At least 10 killed in Al Qaeda attack on Burkina Faso hotel
OUAGADOUGOU // Heavy gunfire erupted early on Saturday as forces from Burkina Faso and France fought to retake a luxury hotel seized by Al Qaeda militants the night before.
At least 10 bodies have been found since the attack on the 147-room Splendid Hotel in downtown Ouagadougou and an unknown number of hostages have been killed, a government minister said.
The attack was launched by the same extremists behind a similar siege at an upscale hotel in the Malian capital in November that left 20 dead.
It was not immediately known how many people remained inside the hotel as the morning call to prayer signalled a new day in this West African nation.
Dozens of French forces arrived overnight from neighboring Mali to aid the rescue.
The regional Al Qaeda affiliate known as Aqim claimed responsibility for the attack online, according to the SITE Intelligence Group.
In a message posted in Arabic on the militants’ “Muslim Africa” Telegram account, it said fighters had “broke into a restaurant of one of the biggest hotels in the capital of Burkina Faso, and are now entrenched and the clashes are continuing with the enemies of the religion.”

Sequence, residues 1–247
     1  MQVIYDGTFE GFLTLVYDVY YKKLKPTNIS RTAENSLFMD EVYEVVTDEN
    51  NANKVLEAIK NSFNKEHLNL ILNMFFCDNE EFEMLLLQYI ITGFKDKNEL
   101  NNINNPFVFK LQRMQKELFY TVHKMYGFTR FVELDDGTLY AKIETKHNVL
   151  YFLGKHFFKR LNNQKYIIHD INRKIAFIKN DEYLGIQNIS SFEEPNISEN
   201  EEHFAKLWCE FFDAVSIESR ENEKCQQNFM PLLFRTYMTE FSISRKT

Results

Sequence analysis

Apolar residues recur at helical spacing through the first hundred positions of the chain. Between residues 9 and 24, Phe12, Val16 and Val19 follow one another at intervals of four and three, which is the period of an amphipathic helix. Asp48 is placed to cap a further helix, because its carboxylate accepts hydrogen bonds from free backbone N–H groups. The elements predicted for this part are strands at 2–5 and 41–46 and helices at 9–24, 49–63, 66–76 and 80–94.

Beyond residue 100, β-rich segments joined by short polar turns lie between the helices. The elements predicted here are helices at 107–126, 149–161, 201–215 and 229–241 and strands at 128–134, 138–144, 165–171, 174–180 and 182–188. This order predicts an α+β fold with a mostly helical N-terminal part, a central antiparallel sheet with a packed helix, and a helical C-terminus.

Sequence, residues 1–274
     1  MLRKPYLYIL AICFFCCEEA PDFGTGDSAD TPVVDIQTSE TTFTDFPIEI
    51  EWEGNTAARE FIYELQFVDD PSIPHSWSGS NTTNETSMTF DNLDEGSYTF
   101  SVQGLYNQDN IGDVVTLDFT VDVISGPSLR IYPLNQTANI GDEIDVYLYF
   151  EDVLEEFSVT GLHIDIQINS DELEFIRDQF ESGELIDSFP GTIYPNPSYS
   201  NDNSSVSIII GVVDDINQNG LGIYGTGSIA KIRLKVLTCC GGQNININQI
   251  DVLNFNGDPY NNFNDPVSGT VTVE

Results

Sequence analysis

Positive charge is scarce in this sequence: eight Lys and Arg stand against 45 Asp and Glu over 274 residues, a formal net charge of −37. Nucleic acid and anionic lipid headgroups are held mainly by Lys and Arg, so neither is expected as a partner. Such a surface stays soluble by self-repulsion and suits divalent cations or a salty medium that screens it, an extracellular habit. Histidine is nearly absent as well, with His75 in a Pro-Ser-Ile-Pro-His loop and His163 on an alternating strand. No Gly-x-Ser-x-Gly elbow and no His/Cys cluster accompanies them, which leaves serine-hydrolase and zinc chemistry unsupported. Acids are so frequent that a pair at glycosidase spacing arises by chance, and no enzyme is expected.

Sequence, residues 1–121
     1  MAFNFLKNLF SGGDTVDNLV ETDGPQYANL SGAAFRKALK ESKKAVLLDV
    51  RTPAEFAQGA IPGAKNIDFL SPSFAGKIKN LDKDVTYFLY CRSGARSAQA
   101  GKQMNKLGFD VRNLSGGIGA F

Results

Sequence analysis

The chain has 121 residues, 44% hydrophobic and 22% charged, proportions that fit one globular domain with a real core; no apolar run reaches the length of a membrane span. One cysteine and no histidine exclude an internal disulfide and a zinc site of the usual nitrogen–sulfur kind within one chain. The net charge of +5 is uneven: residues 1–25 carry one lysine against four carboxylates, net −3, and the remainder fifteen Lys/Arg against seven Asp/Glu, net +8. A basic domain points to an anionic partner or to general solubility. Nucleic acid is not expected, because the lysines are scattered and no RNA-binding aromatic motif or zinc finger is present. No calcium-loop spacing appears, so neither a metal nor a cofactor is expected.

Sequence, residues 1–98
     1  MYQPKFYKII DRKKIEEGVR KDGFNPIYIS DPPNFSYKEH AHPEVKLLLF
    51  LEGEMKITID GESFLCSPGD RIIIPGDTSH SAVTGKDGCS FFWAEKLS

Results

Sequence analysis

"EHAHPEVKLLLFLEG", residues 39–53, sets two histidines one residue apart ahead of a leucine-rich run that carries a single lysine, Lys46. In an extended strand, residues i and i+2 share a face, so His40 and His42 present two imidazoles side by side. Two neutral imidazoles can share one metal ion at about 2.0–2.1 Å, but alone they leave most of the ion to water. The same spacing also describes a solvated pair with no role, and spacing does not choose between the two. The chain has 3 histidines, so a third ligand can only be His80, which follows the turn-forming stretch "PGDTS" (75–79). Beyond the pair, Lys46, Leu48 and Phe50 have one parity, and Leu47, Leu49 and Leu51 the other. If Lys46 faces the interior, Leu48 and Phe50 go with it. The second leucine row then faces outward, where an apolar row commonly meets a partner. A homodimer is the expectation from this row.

Fighters who spoke by phone later “asserted the fall of many dead Crusaders,” the message claimed.
Burkina Faso’s internal affairs minister Simon Compaore said that 10 bodies had been found inside the Cappuccino Cafe, a restaurant next to the hotel.
The attack mirrored one on the Radisson Blu hotel in neighboring Mali in November that left 20 people dead.
In that case, Malian troops – backed by French and American special forces – swarmed in to retake the building and free terrified guests and hotel staff during a siege that lasted more than seven hours.
The Bamako hotel attack also was claimed by a leader of Aqim, who said it had been carried out as a declaration of unity with Algerian militant Moktar Belmoktar’s extremist group Al Mourabitoun, according to an audio message that was distributed by SITE at the time.
Belmoktar was a former leader in Aqim before starting his own group, which now has merged back with Al Qaida.
Burkina Faso, a largely Muslim country, had for years been mostly spared from the violence carried out by extremist groups who were abducting foreigners for ransom in Mali and Niger.
Then last April, a Romanian national was kidnapped in an attack that was the first of its kind in Burkina Faso.
The country also has been in growing political turmoil since its longtime president was ousted in a popular uprising in late 2014. Last September members of a presidential guard launched a coup that lasted only about a week. The transitional government returned to power until Burkina Faso’s November election ushered in new leaders.
Updated: January 16, 2016 04:00 AM